Ladakh Marathon

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Ladakh Marathon
Logo of Ladakh Marathon
Date7-11 September 2022
LocationLadakh, India
Event typeRoad race
DistanceKhardungla Challenge Ultra 72Km

Silk Route Ultra 122Km


Half Marathon

7km Ladakh Run For Fun

10.5Km Run
Primary sponsorLadakh Autonomous Hill Development Council (LAHDC)
Established2012 (2012)
Course recordsMen's: 2:56:51 (2019)
India Shabir Hussain
Women's: 3:18:56 (2017)
India Jigmet Dolma

The Ladakh Marathon is a marathon held in Leh, a town in the Indian Union Territory of Ladakh. It claims to be the highest marathon in the world, held at a height of 11,500 to 17,618 feet (3,505 to 5,370 m).[1][2] The seventh edition of the Ladakh Marathon was held in 2018 and its ninth edition is happening in September 2022[3] after being cancelled for two subsequent years due to the COVID-19 pandemic.[4] It is full member of Association of International Marathons and Distance Races.[1][5][6] The marathon was organised "to foster national spirit and to encourage sport in Ladakh".[7][8] It is the fifth marathon from India to get international recognition.[9]


The Ladakh Marathon was started in 2012 following the 2010 Ladakh floods which claimed 200 lives as well as making several hundred people homeless. According to The Tribune of India, "The initiative was started to convey to the world that Ladakh is back and running. It is aimed at encouraging the youth of Ladakh to live a healthy lifestyle by taking up running in hostile weather conditions and by becoming more aware of the need to protect the environmentally fragile region."[6][10]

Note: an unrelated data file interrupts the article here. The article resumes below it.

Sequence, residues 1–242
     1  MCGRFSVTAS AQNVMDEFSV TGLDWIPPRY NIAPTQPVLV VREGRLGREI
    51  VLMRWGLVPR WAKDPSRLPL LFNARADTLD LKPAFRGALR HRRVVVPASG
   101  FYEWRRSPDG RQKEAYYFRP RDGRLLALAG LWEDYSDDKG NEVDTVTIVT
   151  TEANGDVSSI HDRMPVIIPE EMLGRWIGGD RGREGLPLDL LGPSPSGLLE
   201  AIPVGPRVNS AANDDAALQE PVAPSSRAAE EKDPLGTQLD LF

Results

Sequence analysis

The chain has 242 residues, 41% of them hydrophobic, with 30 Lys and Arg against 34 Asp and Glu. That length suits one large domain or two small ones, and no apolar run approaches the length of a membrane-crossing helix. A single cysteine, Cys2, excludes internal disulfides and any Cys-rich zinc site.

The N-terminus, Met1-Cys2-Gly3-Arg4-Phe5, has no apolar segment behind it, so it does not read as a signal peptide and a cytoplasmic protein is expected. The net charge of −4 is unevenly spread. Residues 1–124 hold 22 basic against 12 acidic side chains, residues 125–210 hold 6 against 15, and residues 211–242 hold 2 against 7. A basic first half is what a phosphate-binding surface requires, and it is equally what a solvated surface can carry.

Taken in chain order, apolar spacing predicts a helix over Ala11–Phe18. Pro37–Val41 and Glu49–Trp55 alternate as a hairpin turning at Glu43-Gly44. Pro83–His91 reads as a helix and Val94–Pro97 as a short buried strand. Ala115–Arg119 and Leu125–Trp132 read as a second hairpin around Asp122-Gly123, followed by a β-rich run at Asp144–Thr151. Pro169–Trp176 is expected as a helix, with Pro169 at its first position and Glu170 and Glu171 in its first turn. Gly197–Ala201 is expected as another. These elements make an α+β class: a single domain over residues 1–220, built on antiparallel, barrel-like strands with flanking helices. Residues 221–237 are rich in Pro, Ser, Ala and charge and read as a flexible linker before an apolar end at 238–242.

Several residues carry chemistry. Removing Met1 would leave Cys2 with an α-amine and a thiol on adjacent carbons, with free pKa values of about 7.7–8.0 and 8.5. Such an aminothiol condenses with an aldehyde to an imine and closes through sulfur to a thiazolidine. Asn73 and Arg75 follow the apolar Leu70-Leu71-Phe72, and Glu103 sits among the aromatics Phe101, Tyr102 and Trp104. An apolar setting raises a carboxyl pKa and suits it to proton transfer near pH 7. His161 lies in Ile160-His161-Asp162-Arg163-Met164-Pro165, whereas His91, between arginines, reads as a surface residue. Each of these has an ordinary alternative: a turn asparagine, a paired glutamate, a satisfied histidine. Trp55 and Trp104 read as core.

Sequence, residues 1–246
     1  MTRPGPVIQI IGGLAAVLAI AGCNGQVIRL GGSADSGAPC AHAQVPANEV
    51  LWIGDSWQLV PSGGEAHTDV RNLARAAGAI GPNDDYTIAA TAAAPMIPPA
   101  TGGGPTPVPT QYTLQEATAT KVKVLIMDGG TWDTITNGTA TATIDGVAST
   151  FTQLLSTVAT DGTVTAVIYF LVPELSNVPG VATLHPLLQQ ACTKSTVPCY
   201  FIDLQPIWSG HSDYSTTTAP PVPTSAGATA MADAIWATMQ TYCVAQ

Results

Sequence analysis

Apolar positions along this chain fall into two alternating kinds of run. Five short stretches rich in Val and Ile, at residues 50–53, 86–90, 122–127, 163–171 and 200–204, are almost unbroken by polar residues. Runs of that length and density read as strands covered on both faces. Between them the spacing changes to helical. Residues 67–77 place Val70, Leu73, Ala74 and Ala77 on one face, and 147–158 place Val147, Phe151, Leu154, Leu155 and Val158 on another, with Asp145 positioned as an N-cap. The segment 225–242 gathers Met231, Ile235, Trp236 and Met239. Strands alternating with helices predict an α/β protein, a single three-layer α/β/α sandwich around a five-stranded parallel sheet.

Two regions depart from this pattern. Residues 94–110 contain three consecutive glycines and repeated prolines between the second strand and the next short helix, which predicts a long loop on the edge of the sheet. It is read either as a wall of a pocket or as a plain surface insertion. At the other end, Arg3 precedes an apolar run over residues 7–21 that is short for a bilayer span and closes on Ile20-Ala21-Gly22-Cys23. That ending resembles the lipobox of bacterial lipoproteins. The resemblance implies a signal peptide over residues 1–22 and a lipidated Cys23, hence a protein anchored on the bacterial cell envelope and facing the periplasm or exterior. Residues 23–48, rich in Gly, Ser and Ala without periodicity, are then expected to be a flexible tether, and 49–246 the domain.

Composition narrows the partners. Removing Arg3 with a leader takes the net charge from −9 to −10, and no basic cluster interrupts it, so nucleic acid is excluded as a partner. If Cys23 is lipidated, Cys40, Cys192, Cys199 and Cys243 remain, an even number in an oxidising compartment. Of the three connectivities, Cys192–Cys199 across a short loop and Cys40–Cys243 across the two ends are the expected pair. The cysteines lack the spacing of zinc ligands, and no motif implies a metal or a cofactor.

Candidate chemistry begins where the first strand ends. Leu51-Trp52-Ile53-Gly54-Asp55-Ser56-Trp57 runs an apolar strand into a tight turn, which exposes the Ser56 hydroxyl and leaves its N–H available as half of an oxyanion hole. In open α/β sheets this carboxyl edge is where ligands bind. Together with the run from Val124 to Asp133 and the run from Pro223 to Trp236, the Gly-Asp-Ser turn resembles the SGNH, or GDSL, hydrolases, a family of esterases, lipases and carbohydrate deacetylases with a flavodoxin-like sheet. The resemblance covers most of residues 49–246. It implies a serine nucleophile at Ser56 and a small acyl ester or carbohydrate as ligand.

The Ladakh marathon is claimed to be the highest marathon, but this claim is not supported by the Guinness Book of Records, which recognises the Everest Marathon which starts at over 5,200 metres (17,100 ft),[11] though 72 km Ultra Ladakh Marathon goes up to height of 17,618 feet.[1]


The Ladakh Marathon is organised by India's Rimo Expeditions with the support of the Ladakh Autonomous Hill Development Council (LAHDC). The LAHDC is an autonomous government body which administers the Leh district. Apart from recognition by the Association of International Marathons and Distance Races the event is supported by the Indian Army, Jammu & Kashmir Police, tourism ministry of the Jammu and Kashmir government. "Timing Technologies" is the timing partner "Enerzal" energy drink partner and Bisleri the hydrant partner of the event.[7][12]


Shanti Stupa (Peace Monument) is the place where the marathon starts

The Ladakh Marathon is divided into the four following categories:[1][2]

  1. 7 km Race: This is shortest form of this marathon. Schools students as well as tourists usually participate in this race. Although it is shortest form of the race, it still requires good physical health to run it at height of 11,500 ft.
  2. Half Marathon: 21 km race. It starts at NDS stadium on the Leh Manali highway and passes through Choglamsar village.
  3. Full Marathon: 42 km race. It starts and ends in Leh town, and passes through the Leh valley. The marathon course crosses the Indus river several times en route.
  4. The Khardungla Challenge/Ultra Marathon: 72 km race. It starts in the village of Khardung and then continues uphill on the way to the village of Khardung La at a height of 17,618 ft. With a distance of 72 km and a height of up to 17,618 ft, it is known as toughest and most challenging event of the Ladakh Marathon. "Travel India" called this event the "Mother of all Marathon races".[2]


The inaugural running of the Ladakh Marathon in 2012 included 1,500 participants. Since then number of participants has been increased. The 2013 edition had 2,200 participants while in 2014 about 3,000 people participated. The recent 2018 marathon included close to 6,000 participants from 23 countries.[6][7]